I made it one week and then lost it with Andre. 

I attended a private girls' school, which required uniforms. I hated them even though Mom had the blue skirts and white cotton blouses tailor-made.  I was somewhat mollified when she finally bought me some bras. 

 I was nine when my breasts began to bloom and Mom decided it was time for bras.  I remember the wistful look on her face as she put my first one on me and adjusted the straps.  Then she smiled and said, “A girl just feels prettier wearing a brassiere, don’t you think, darling.”  I sure did, as I looked at myself in the full-length mirror.

The last Friday of every month was dress-up day at school and we were permitted to wear one of our own dresses and have lunch with our moms.  She brought Andre and a hamper filled with lunch goodies. We were both on our best behavior.  It was a nice visit that ended with a kiss from Mom, and even one from Andre.

That afternoon Jeffery, our driver, picked me up as usual and brought me home.  When I walked into my room to take off my dress and change into shorts, there was Andre wearing one of my blue petticoats, with a white bow in his hair - also mine, with one of my bras in his hands, trying to figure out how to put it on!  I went ballistic, hollering at him, screaming that he was never to come into my room again.  Mom came hurrying in just as Andre ran out of my room in tears.  It was a good thing I didn’t know he was also wearing a pair of my panties!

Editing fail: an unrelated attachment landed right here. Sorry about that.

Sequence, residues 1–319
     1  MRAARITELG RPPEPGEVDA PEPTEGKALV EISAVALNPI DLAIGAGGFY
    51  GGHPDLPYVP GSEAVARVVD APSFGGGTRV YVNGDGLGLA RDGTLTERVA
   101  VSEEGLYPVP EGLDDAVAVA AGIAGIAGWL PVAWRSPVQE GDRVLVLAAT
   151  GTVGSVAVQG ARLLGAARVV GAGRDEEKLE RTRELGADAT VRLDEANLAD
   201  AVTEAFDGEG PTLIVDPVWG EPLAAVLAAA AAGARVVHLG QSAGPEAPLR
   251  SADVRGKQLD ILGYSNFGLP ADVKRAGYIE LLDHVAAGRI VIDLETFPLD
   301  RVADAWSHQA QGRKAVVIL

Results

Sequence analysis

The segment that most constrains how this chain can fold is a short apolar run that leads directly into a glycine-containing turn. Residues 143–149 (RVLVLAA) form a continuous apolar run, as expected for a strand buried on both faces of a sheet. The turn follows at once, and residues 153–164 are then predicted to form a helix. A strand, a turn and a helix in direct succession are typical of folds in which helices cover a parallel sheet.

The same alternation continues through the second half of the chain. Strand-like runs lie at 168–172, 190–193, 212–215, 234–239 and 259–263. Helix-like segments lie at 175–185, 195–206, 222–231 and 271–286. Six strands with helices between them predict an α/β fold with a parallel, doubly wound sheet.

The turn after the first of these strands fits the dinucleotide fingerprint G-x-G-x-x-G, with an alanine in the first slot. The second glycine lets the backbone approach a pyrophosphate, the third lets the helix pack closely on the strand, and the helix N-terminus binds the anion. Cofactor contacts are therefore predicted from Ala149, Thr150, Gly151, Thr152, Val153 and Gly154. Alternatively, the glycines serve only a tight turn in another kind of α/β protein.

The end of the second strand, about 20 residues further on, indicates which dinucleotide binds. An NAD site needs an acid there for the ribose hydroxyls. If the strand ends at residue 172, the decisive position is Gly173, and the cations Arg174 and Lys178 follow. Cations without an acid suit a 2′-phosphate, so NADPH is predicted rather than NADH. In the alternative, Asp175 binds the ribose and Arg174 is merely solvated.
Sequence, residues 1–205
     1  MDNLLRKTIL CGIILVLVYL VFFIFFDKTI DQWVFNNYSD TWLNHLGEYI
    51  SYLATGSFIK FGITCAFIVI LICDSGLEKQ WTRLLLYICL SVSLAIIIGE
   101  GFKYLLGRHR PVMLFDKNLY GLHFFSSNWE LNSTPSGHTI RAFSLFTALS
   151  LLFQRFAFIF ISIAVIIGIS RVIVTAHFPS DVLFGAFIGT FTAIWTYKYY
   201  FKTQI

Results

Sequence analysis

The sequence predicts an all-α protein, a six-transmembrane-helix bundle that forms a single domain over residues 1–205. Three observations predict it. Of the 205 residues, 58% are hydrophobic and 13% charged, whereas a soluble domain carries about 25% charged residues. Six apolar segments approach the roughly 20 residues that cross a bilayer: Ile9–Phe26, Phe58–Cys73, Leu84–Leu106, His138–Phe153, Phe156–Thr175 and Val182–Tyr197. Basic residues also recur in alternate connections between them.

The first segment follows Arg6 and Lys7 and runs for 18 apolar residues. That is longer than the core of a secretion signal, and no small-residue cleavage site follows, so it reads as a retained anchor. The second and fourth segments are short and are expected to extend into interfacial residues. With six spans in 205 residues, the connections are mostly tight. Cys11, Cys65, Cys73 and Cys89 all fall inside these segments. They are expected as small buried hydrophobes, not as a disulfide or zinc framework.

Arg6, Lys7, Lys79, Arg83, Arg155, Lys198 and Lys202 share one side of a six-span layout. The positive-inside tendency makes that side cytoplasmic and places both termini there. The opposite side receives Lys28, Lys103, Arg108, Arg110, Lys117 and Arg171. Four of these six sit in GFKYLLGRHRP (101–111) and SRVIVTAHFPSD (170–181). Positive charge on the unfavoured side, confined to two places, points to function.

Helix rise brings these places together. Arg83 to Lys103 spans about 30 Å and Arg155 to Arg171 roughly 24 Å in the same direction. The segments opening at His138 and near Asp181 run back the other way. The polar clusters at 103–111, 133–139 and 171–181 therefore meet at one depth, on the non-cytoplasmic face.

Mother calmed me down and told me she and Andre had an appointment with a special doctor who might be able to help him.  In the meantime, she didn’t see anything wrong with buying him some girls' clothes of his own.  At least he wouldn’t be trying to wear mine - I hoped.

The next day was Saturday and Mom kept her promise.  We’d finished breakfast and she said, “Children, we’re go shopping today.”  As usual, I asked, “Shop for what Mother?”  The ritual was intact.   Mom smiled and answered, “Oh, this and that.”  As I giggled, Andre looked at us, totally confused. 

“Andre can wear his clothes today until we find him some new ones that he’ll like.  Andre, we’ll shop at the same stores and shops where we buy Mandy’s clothes and you can wear a pretty dress home.”  Andre was so excited I thought he would pee in his pants at the news.  I just had to ask, “Mom, do I get anything new?”  She smiled and said, “Oh course you do, darling.”  Now we were both happy - for the time being, anyway.